Most wounds heal naturally, but if your last relationship ended with a near-fatal blow, it might not be enough to erase all your sweetie’s emails or delete that number from your cell. You might need to take stronger action.
“When you’ve split up with someone, you’re not only dealing with a sudden absence in your life but also most likely battling feelings of anger or rejection or both, especially if you’ve been dumped,” explains Anna Jane Grossman, author of It’s Not Me, It’s You.
”We love someone in part because he or she reflects things we like about ourselves,” she continues. “So it can cause a pretty good bruise if a person who once loved you announces there’s no longer anything likable about you. When you’re in this pit of misery, it can be even more difficult to fight your way out once you consider that there will probably be more breakups in your future. The reality is that the vast majority of relationships don’t last.”
But that doesn’t mean that you should live the rest of your life in the pit of misery or in the tower of bitterness, says Alexandra Delis-Abrams, Ph.D., the author of Attitudes, Beliefs and Choices. She offers these steps for starting your recovery:
1. Honor your feelings; don’t deny them.
2. Take stock of what happened and examine your beliefs pertaining to it as well as your own behavior. Be relentlessly truthful.
3. Own what actually happened. Take responsibility for your reality and use it as a gift to help you learn about you. We know our intention by what we have. So, on some level, it was intention on your part that led to the breakup.
“Once you allow yourself to feel your feelings and move on, you won’t have to try to have your spirits lifted,” Delis-Abrams says. “You will naturally feel more energy.”
View Singles on Match.com
That’s what John Jones of Oakland, CA, did after a particularly nasty breakup. “Instead of focusing on ‘Why does this have to happen to me’ or ‘At least there’s light at the end of the tunnel,’ I’ve begun to look more at ‘What can I take away from this experience now,’” Jones says. “This introspection, often involving walks in the woods combined with having a better support system of friends this time around, has made dealing with some of the particularly painful aspects specific to this breakup more manageable.”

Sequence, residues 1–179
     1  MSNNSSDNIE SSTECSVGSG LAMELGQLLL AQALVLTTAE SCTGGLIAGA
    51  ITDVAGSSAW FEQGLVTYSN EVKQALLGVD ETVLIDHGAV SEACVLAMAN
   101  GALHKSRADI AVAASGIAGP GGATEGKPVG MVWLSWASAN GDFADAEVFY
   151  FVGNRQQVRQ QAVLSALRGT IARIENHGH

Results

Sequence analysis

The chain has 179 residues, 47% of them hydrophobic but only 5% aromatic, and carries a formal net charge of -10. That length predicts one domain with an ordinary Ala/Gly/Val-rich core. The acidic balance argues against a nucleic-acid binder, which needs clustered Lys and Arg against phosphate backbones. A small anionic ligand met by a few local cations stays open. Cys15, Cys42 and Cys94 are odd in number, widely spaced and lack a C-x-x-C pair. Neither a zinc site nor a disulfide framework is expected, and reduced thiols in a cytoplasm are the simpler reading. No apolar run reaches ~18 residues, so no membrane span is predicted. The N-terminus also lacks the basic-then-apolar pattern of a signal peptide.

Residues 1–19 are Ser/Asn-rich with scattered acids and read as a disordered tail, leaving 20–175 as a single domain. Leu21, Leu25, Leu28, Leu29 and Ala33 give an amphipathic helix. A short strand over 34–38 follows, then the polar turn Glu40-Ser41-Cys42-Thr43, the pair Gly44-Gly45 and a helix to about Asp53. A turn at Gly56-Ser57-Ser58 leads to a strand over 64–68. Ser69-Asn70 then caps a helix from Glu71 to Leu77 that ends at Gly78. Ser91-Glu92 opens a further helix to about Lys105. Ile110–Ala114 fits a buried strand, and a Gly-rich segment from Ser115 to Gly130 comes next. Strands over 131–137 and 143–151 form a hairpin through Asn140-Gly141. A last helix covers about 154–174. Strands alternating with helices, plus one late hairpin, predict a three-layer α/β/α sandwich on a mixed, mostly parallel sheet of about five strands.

In fact, your social network is a great safety net, says Shari Marx of New York. “The best advice is to reconnect with your girlfriends and to start to love yourself again by looking better,” says Marx. “And meet someone new. Maybe not right away, but even if it’s just a male companion, he will help to fill the void that once was your last relationship.”
That’s the recipe for recovery she used after her last breakup. And it’s a good one, Grossman says: “Having a friend around to keep you company when you’ve just gone through a breakup can make all the difference in the world, so don’t be afraid to ask someone to camp out in your apartment with you for a while.” This will ease the pain of waking up to an empty life and an empty house. “Make sure your friend knows he or she doesn’t need to become your therapist or nanny,” Grossman adds. “Just being there for you — listening to you talk and handing you a tissue now and then — will probably be enough.”
Grossman also agrees with getting back in the dating game as soon as you can. “You’re probably not going to find a replacement right away for the person you lost, but getting back out there might remind you that you’re a hot commodity, and there are other datable people out there besides your ex.”
Margot Carmichael Lester, a freelance writer based in North Carolina, has felt the sting of a bad breakup on more than one occasion and lived to tell the tale.